The corrective, not only of this modern desire for fame, but of all highly developed individuality, is found in ridicule, especially when expressed in the victorious form of wit. We read in the Middle Ages how hostile armies, princes, and nobles, provoked one another with symbolical insult, and how the defeated party was loaded with symbolical outrage. Here and there, too, under the influence of classical literature, wit began to be used as a weapon in theological disputes, and the poetry of Provence produced a whole class of satirical compositions. Even the Minnesanger, as their political poems show, could adopt this tone when necessary. But wit could not be an independent element in life till its appropriate victim, the developed individual with personal pretensions, had appeared. Its weapons were then by no means limited to the tongue and the pen, but included tricks and practical jokes - the so-called 'burle' and 'beffe' - which form a chief subject of many collections of novels.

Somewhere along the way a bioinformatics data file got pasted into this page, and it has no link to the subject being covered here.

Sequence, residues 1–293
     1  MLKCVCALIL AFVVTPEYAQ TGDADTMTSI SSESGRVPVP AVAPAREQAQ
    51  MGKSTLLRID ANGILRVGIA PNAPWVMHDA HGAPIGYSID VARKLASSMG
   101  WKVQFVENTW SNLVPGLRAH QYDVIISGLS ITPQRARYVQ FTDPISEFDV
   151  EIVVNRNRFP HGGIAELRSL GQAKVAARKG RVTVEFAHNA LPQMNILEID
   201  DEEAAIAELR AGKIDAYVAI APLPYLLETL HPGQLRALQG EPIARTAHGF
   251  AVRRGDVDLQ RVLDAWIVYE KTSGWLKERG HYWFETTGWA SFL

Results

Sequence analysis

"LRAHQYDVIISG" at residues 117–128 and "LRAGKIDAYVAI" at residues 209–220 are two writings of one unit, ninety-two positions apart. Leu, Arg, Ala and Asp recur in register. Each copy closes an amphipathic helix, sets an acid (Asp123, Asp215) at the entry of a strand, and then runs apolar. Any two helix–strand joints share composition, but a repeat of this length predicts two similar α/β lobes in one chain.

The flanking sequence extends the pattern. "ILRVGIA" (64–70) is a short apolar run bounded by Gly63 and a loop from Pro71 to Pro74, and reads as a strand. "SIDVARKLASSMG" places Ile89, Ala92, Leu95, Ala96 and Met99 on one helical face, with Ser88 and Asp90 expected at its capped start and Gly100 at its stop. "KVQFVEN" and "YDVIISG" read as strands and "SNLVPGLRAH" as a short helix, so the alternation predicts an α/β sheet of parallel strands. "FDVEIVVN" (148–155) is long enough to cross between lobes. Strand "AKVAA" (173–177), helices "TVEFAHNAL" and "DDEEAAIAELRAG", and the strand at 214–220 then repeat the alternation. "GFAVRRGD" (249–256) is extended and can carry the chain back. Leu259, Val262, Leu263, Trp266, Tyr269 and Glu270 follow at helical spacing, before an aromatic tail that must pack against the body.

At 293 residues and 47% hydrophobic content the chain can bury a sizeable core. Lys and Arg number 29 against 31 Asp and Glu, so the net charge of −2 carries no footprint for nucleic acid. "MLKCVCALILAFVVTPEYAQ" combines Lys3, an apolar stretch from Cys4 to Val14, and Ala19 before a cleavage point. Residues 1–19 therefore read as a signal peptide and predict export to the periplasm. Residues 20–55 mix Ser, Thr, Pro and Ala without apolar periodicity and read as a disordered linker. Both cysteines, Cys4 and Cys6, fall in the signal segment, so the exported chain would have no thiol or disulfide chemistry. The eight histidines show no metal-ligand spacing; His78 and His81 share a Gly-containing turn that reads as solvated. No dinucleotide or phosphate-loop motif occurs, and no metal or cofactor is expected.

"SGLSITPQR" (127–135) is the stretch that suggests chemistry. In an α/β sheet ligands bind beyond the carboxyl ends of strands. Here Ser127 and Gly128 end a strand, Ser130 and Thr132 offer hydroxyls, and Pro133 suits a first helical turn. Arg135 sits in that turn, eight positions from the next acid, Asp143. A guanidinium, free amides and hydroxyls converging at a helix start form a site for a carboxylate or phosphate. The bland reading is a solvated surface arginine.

The 'Hundred Old Novels,' which must have been composed about the end of the thirteenth century, have as yet neither wit, the fruit of contrast, nor the 'burla,' for their subject; their aim is merely to give simple and elegant expression to wise sayings and pretty stories or fables. But if anything proves the great antiquity of the collection, it is precisely this absence of satire. For with the fourteenth century comes Dante, who, in the utterance of scorn, leaves all other poets in the world far behind, and who, if only on account of his great picture of the deceivers, must be called the chief master of colossal comedy. With Petrarch begin the collections of witty sayings after the pattern of Plutarch (Apophthegmata, etc.).